Things To Know About Free Public EV Charging

You can plug in for free if you know where to look.


If you possess an electric vehicle (EV) or are thinking about getting one, you might be concerned about how to charge it. Most people (four out of five) recharge their batteries at home because it’s handy and probably the least expensive place to do so. If, however, that isn’t an option for you, you may be able to use your smartphone to charge for free on public equipment. This is how.


Finding Free Public Charging Stations


Indeed, there are other apps available for that purpose. The most well-known is probably PlugShare, which allows you to view any charging station in your area that is both free and requires payment. Moreover, the software uses crowdsourcing to deliver current information about every site, such as whether it’s operational, how much electricity it’s supplying, its exact location inside the lot, and the type of plug(s) it supplies.


Then there are applications for the main networks of charging stations, like EVgo, ChargePoint, and Electrify America. All should provide you with the cost of charging at a certain station.


Users of iPhones may locate nearby charging stations using the Maps app, then narrow down the results to just display those that are free. (Google Maps will offer a wealth of helpful information on charging stations; however, at this time, you are unable to search by price.)


Explained: Public Charging Options

Not every EV can use every station. For example, Tesla has not yet completely allowed non-Tesla drivers to use its extensive network of Superchargers; however, that will change in 2024. Here’s what you should be aware of, though:


There are three different kinds of public charging stations that are available right now: Level 1, Level 2, and Level 3.


The quantity of electricity provided by level 1 charging is about the same as that of a standard 120-volt household socket. Using this technology, modern EVs charge at an extremely slow pace. Actually, a lot of people refer to Level 1 as trickle charging. Actually, it’s only appropriate for topping off an EV over a few days.


The majority of public stations are classified as Level 2, which means that they operate at 240 volts and can charge faster than Level 1. When an EV’s battery life drops to 10%, it will probably take several hours to recharge it at a Level 2 station; nevertheless, just 60 minutes of plugging in can give it a respectable range boost.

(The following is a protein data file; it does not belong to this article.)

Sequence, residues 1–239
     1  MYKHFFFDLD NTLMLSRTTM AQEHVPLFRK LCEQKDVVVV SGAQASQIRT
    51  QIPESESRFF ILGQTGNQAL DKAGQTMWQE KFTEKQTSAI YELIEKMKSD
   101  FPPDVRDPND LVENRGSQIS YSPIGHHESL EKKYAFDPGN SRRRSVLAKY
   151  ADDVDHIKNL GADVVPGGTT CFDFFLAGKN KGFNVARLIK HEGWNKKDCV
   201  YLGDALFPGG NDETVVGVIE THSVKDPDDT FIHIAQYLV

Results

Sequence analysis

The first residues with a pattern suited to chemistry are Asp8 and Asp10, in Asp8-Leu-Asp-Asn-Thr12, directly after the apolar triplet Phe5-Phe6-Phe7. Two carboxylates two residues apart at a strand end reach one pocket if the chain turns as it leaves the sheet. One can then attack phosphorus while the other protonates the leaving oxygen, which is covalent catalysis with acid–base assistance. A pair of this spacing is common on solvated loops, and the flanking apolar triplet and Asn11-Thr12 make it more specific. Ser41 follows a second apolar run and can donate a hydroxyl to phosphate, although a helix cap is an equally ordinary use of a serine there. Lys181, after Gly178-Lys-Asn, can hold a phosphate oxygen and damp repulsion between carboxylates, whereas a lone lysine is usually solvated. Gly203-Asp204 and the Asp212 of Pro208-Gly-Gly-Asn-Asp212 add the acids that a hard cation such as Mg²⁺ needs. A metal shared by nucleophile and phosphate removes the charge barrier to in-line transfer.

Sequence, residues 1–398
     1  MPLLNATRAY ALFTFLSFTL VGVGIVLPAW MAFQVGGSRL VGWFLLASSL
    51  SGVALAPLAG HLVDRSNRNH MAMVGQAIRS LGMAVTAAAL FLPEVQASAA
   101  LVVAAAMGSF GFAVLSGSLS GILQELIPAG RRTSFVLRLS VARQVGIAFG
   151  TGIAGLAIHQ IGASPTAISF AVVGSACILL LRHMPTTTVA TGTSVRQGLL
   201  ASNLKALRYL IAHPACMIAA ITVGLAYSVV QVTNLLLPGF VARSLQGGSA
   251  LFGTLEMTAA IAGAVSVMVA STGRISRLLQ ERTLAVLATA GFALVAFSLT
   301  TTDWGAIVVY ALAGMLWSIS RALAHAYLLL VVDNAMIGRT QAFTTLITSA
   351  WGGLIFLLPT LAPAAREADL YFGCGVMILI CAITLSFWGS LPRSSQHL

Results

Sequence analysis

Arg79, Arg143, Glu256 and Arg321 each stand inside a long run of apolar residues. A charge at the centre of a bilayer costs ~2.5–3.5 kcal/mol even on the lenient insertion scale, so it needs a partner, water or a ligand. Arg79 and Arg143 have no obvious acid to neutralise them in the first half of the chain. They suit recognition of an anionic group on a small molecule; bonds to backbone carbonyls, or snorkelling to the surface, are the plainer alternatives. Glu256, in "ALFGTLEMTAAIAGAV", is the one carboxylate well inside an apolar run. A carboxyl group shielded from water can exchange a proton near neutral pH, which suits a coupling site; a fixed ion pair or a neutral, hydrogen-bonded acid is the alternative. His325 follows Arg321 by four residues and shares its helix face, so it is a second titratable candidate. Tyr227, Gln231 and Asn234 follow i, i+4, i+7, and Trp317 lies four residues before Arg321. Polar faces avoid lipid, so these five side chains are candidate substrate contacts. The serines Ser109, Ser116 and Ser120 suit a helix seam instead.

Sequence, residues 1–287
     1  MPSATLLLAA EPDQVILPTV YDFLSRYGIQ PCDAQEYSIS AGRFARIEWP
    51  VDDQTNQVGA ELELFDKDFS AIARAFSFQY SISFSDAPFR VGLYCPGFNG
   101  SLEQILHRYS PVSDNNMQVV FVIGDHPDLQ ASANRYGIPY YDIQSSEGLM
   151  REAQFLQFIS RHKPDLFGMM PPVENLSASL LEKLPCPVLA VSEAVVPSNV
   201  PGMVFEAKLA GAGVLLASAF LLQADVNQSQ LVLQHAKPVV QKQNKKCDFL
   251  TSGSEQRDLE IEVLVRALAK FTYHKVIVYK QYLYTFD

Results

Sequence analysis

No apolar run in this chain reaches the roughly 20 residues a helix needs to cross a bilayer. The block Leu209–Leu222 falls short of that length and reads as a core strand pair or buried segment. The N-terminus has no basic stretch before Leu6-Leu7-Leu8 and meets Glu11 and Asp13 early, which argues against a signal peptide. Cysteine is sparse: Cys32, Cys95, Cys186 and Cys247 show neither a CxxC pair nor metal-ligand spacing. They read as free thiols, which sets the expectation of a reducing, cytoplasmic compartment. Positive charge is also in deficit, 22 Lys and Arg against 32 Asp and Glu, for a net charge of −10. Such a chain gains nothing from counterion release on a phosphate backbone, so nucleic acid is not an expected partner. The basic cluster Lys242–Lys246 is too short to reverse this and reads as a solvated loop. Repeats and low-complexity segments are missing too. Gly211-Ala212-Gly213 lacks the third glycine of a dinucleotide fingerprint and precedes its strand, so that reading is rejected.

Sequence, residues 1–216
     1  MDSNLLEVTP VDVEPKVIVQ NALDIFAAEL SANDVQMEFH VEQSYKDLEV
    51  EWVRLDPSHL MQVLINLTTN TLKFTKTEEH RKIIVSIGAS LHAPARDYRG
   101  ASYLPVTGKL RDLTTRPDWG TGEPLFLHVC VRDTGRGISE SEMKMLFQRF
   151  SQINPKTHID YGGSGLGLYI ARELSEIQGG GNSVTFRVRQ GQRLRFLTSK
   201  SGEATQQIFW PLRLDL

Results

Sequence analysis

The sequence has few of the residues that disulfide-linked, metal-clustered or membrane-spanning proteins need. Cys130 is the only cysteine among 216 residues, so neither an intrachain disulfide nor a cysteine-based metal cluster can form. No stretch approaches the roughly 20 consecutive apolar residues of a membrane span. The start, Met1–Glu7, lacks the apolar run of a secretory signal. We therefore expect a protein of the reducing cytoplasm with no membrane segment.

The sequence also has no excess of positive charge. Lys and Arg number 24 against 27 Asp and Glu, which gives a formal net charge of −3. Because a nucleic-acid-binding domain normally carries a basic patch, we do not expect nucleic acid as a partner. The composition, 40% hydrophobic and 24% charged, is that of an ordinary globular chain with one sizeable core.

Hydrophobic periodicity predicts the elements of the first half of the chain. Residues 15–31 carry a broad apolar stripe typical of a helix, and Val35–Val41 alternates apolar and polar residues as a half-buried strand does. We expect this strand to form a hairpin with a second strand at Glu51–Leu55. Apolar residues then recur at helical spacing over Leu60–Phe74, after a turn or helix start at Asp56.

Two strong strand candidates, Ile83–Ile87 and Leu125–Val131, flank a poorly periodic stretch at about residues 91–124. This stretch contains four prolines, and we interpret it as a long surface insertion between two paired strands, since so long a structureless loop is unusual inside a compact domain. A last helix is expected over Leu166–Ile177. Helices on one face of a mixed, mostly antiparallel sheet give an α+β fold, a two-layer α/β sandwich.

Level 3 stations are the fastest way to charge an EV since they supply DC power straight to the battery instead of using the onboard charger, which changes AC electricity to DC. While many EVs (though not all) allow DC fast charging, their battery management systems cap the maximum rate of charge in order to preserve the battery. Under perfect conditions, models that can run at 800 volts, which is currently the maximum voltage for an EV battery, could add roughly 70 miles of range in five minutes on a Level 3 station. Though a normal fast charger seldom operates at its maximum stated charging speed, keep an eye on the time instead of paying too much attention to it.


Level 3 is the best option if you’re going on a road trip because it will get you back on the highway the quickest. However, you should continue using Level 2 for regular use because slower electron transmission is better for the battery. Free Level 3 stations are likewise hard to come by unless your electric vehicle (EV) comes with a manufacturer’s rebate for free charging.


Plug Types: An Explanation


You should also find out what kind of plug your electric vehicle will accept before looking for charging stations.


Most late-model non-Tesla EVs feature a socket that can accommodate both the seven-pin CCS connector, which expands on the J1172 and allows fast charging, and the five-pin J1772 plug, which is intended for Level 1 and 2 charging. In the United States, CHAdeMo plugs are mostly being phased out, while some EVs still have ports for them.


The North American Charging Standard (NACS), which is used by Tesla automobiles, is a different kind of connector that several automakers intend to implement soon so that their consumers may utilize Tesla’s nationwide Level 3 Supercharger network.


The Public Charging Future


As automakers commit to an electric vehicle future, new stations are opening up all the time. To compete with Tesla’s Supercharging network, for example, seven major automakers have declared that they will install some 30,000 Level 3 charging stations across North America. Beyond the restricted incentive schemes they’ll provide to new EV purchasers, we don’t expect those automakers to give away electrons for free. After all, Elon Musk has become a very wealthy guy thanks in part to his provision of electricity to automobile owners, and others want a piece of that action.


While many establishments and towns may still offer some free charging alternatives to entice customers to visit, this may become less common as more people switch from internal combustion to battery power.


Additionally, non-Tesla owners will have to pay more to use Tesla Superchargers than Tesla drivers do, even though Tesla plans to make them accessible to everyone in the near future.

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